Review: 'The SpongeBob Musical' is a Genuine Joy Across Generations

“Sponge, you shall be dry again.”
– William Shakespeare, Hamlet

SpongeBob: It was a cartoon. I knew that much. But that was about all I knew before taking my seat in Grand Rapids Civic’s lovely Easter egg of a theater. To my right sat Hadley, my niece. She identified with Squidward, who, she told me, was a six-legged, depressive octopus with little patience for SpongeBob’s antics. It’s possible we weren’t the core audience.

Onto the stage came Patchy the Pirate (Jay Fischer). An ancient mariner, perhaps, here to warn us to stick to the safety of the shores? But no; instead, he set the stage for what was to follow: being transported to the undersea world of Bikini Bottom.

 The opening song, “Bikini Bottom Day,” quickly introduced the cast of characters. Among them were Patrick (TJ Clark), a dim starfish; the aforementioned Squidward (Jon Calkins) (“Another day, another migraine,” he complains); Sandy Cheeks (Noor Hassan), a squirrel from Texas who wears a suit allowing her to breathe; more. 

Including, of course, the titular character. SpongeBob Squarepants (Zachary Avery) is all architectural blond hair and manic optimism, the kind of guy who takes great pride in being employee of the month despite being the only employee on offer.

As I took in the bright colors, the clever costumes, and the improbably sculpted wigs–as I realized how perfectly animated the scene onstage was, in other words–it occurred to me that the show might actually be good. Then came the second song, a repurposed “No Control” (David Bowie and Brian Eno), and I let my reservations drift away.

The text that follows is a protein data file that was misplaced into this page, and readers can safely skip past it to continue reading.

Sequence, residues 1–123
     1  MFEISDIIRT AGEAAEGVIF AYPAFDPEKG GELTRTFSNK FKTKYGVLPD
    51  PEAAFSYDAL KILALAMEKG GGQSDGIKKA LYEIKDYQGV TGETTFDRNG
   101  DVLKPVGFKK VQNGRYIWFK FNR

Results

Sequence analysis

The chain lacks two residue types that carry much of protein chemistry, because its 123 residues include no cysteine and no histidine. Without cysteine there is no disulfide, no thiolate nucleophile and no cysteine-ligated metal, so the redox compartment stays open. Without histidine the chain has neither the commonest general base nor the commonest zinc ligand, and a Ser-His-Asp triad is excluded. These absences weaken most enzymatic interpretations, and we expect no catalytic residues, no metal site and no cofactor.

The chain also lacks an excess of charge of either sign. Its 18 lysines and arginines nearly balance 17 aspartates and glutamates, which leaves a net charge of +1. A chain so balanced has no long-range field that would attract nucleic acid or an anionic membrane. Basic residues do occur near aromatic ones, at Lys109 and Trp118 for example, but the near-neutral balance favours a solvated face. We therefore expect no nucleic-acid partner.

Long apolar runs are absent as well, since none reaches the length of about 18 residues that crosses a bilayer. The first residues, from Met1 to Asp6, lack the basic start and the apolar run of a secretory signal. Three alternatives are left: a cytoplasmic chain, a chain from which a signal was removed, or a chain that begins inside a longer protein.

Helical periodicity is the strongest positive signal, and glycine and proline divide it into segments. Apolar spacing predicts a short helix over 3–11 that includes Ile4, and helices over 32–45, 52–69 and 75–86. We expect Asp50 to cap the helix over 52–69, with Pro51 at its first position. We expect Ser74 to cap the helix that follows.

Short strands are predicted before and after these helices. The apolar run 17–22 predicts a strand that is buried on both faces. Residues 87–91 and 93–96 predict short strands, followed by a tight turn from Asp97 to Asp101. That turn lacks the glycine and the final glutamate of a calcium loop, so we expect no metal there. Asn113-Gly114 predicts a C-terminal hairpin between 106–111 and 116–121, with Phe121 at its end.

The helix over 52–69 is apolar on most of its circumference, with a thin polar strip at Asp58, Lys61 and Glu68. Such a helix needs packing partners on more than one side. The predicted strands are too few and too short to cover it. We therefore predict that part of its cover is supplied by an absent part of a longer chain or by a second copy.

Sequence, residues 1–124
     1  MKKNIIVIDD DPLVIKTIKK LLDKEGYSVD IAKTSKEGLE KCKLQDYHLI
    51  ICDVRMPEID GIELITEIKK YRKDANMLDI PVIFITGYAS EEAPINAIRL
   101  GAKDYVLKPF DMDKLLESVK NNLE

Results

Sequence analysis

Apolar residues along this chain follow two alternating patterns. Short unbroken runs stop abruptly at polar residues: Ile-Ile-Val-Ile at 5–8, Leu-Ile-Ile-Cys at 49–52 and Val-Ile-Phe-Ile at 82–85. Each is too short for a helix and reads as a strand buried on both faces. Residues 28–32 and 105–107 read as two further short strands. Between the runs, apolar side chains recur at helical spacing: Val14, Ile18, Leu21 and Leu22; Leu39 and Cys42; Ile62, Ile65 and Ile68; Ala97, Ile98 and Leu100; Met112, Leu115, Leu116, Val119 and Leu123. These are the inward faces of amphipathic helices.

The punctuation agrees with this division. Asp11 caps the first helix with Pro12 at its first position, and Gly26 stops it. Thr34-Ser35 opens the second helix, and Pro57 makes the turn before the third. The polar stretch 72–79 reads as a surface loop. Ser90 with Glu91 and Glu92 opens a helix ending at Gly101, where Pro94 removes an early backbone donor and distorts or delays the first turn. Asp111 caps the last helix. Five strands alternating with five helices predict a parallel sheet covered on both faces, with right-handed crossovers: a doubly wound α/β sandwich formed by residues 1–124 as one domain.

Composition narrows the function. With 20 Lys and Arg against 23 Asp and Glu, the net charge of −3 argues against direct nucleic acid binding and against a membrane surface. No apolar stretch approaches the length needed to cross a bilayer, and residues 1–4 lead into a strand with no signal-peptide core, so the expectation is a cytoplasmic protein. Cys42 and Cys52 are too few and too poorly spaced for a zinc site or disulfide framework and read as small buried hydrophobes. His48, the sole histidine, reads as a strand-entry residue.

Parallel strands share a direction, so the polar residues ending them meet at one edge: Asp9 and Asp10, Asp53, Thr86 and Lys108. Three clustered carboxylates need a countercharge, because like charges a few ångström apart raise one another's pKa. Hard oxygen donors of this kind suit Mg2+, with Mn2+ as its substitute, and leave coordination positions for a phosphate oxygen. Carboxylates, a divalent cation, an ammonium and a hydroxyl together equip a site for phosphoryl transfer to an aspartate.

The music is stuffed with contributions by pop and rock royalty, including Cyndi Lauper (“Hero Is My Middle Name”), Panic! At The Disco (who brought the yearning “(Just A) Simple Sponge”), The Flaming Lips (“Tomorrow Is”), Sara Bareilles (“Poor Pirates”), and more. It maybe shouldn’t work; it should sound like a mishmash of styles and voices. But, somehow, it results in a coherent whole.

The story is simple enough: a volcano’s coming eruption threatens the existence of Bikini Bottom and the lives of all its bonkers residents. As in a Stephen King novel, the threat exacerbates already existing divisions while drawing a small group of heroes together. My favorite of these heroes, and perhaps the only sane character in the show, was Sandy. Hassan played her perfectly.

She wasn’t alone in performing well. Calkins is wonderful as Squidward, all sourness and secret ambition. Cameron Larson’s terrific as Sheldon Plankton, bringing joy to his villainy. Alexa Wollney’s a powerhouse as Pearl, frustrated daughter and would-be backup singer to a boy band; she mugged gloriously and sang like a rock star.

Erin Robere, choreographer, deserves great credit for arranging movement that was joyful to watch on its own while staying true to character. I loved everything robot Karen (Kali Hollinshead) did, for instance. She looked like she’d walked in from an early 1960s vision of the future. Robere could be seen in the audience the night I attended, dressed like someone from a dystopian science fiction film, all his attention glued to the stage.

There were moments in the show (a friendship dance, for instance) that seemed to be gifts to fans of the show, landing harder than they otherwise might have. But–and it surprises me to say this–The SpongeBob Musical is more than just an exercise in nostalgia. Otherwise, it never would have worked for me. But it did work. It’s a bright, colorful, clever, and energetic show, free of cynicism and infused with goodheartedness. Recommended.

The SpongeBob Musical
Grand Rapids Civic Theatre
September 15 - October 8